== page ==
Those were the major events of the day, to be catalogued, analyzed, and recounted in countless books and films about the Big War. Another incident on May 13, 1945, would escape the notice of historians and Hollywood: a C-47 transport plane carrying two dozen officers, soldiers, and WACs would disappear during a flight over the mountainous jungles of New Guinea.

AFTER ENLISTING, MARGARET spent nearly a year in basic training, at Fort Oglethorpe in Georgia, and at Mitchel Field on Long Island, New York. She learned to march in formation, abandon ship, wear a gas mask, read a map, scrub a latrine, maintain proper hygiene, and live by endless military rules. In December 1944, having risen from private to corporal, she shipped out to New Guinea, a place as different from Owego as imaginable.

Located between Australia and the equator, New Guinea was a largely uncharted tropical island roughly twice the size of California. At fifteen hundred miles long and nearly five hundred miles wide at its center, it was the world’s second-largest island, after Greenland. On a map, New Guinea resembled a prehistoric bird taking off from Australia or a comedian’s rubber chicken. But resemblances can be misleading; there was nothing funny about the place.

The island was a gift-box assortment of inhospitable environments. Much of the coastline featured barely habitable lowlands, swamps, and jungles. In the great middle were soaring limestone mountains covered by impenetrable rain forests and topped by snow or rocky outcroppings. The New Guinea terrain was so forbidding that the most common experience for its inhabitants was isolation. Pockets of humanity carved out small places to survive, fighting with anyone who came near and often among themselves. As a result, the island evolved into a latter-day Babel. New Guinea’s natives spoke more than one thousand languages, or about one-sixth of the world’s total—despite accounting for less than one-tenth of one percent of the global population.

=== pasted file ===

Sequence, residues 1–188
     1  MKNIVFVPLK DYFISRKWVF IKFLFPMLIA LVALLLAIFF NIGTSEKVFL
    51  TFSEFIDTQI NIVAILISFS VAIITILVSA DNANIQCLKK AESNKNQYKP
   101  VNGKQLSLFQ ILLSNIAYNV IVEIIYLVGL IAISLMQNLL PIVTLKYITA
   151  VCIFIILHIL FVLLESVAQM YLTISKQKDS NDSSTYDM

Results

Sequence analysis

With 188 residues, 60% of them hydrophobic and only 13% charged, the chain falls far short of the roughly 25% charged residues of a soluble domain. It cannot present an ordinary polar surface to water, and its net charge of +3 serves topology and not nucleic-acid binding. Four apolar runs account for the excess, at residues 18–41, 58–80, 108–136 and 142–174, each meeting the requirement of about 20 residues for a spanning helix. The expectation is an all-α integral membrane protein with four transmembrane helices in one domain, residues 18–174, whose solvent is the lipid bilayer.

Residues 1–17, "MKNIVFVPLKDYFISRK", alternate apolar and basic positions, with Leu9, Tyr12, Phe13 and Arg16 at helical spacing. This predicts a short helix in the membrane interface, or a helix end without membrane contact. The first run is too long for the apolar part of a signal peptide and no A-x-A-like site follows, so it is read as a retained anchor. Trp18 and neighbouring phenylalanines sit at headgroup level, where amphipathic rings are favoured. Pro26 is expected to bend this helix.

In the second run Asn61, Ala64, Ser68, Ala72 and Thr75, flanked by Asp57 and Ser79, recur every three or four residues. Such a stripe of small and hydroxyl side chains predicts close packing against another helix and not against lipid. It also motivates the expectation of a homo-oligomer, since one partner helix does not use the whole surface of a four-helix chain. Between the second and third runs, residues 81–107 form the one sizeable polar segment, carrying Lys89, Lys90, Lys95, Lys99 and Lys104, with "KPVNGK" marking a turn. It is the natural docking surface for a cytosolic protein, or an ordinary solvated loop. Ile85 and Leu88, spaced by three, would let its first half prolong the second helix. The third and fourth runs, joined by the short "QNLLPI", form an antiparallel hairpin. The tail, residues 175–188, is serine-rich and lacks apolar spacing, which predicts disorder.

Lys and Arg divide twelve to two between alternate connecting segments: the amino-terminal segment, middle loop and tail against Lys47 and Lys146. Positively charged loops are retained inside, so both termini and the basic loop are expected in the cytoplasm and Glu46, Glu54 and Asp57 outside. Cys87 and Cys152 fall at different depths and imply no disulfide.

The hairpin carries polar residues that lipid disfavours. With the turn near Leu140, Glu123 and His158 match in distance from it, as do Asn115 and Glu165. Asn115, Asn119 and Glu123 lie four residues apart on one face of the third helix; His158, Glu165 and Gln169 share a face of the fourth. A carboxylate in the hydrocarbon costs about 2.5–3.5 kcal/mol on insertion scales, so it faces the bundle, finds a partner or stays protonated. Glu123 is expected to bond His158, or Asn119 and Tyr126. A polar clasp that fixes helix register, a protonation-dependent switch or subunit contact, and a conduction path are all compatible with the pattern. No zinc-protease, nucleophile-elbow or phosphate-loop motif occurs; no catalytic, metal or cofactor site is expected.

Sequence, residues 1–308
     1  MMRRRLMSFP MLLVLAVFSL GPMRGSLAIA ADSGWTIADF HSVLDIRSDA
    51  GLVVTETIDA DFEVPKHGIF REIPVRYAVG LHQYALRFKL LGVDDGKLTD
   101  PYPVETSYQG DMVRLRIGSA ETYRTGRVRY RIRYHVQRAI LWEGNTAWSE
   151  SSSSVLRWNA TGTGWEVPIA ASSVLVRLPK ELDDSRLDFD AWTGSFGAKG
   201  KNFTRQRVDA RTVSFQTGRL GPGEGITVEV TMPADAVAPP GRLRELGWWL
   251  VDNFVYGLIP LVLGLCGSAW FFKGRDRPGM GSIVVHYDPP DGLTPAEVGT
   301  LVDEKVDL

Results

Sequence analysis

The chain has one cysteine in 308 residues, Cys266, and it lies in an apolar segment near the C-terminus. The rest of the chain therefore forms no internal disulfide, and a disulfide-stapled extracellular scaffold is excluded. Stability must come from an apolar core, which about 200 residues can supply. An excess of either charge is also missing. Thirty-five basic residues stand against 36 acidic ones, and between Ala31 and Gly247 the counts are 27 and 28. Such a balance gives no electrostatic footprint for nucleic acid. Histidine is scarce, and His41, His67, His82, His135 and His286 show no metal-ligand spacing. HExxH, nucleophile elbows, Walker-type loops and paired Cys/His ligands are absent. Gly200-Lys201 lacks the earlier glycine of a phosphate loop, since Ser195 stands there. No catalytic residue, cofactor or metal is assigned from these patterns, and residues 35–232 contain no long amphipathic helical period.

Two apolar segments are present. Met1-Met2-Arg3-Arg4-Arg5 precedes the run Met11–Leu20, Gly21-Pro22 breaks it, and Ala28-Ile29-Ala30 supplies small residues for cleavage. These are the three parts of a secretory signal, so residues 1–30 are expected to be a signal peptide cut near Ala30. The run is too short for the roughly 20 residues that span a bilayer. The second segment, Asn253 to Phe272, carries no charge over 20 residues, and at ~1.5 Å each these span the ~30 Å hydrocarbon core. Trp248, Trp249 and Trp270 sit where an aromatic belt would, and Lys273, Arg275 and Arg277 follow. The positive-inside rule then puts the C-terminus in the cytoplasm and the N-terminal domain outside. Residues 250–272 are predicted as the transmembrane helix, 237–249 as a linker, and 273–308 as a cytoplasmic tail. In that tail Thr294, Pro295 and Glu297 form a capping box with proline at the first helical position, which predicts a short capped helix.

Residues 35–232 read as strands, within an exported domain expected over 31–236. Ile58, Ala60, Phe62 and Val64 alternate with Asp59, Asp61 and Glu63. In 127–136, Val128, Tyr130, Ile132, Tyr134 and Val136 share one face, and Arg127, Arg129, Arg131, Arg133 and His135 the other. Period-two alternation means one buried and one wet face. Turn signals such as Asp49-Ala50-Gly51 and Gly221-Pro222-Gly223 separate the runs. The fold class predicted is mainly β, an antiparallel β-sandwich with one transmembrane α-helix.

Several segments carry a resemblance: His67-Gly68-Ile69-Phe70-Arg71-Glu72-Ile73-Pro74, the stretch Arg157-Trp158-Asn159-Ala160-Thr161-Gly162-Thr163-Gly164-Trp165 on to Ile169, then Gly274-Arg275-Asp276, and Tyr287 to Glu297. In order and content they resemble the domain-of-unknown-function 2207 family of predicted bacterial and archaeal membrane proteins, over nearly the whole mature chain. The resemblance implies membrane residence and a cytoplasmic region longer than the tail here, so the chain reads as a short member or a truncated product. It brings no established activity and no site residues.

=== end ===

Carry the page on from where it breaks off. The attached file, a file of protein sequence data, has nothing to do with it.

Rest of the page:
U.S. military map of New Guinea during World War II, with Hollandia on the northern coast at roughly the midpoint of the island. The mapmaker was unaware of a large valley 150 miles southwest of Hollandia, in the mountain range that crosses the island’s midsection. (U.S. Army map.)

Inhabited by humans for more than forty thousand years, New Guinea passed the millennia largely ignored by the rest of the world. Lookouts on European ships caught sight of the island early in the sixteenth century. A racially single-minded explorer named it for an African country, Guinea, ten thousand miles away, because the natives he saw on the coast had black skin. For another two centuries, New Guinea was left mostly to itself, though trappers stopped by to collect the brilliant plumes of its birds of paradise to make hats for fashionable Sri Lankan potentates. In the eighteenth century, the island became a regular landing spot for French and British explorers. Captain Cook visited in 1770. Scientists followed, and the island drew a steady stream of field researchers from around the globe searching for discoveries in zoology, botany, and geography.

In the nineteenth century, New Guinea caught the eye of traders seeking valuable raw materials. No precious minerals or metals were easily accessible, but the rising value of coconut oil made it worthwhile to plant the flag and climb the palm trees along the coastline. European powers divided the island in half, and the eastern section was cut in half again. Over the years, claims of sovereignty were made by Spain, Germany, the Netherlands, and Great Britain. Nevertheless, even well-educated westerners had a hard time finding the island on a map.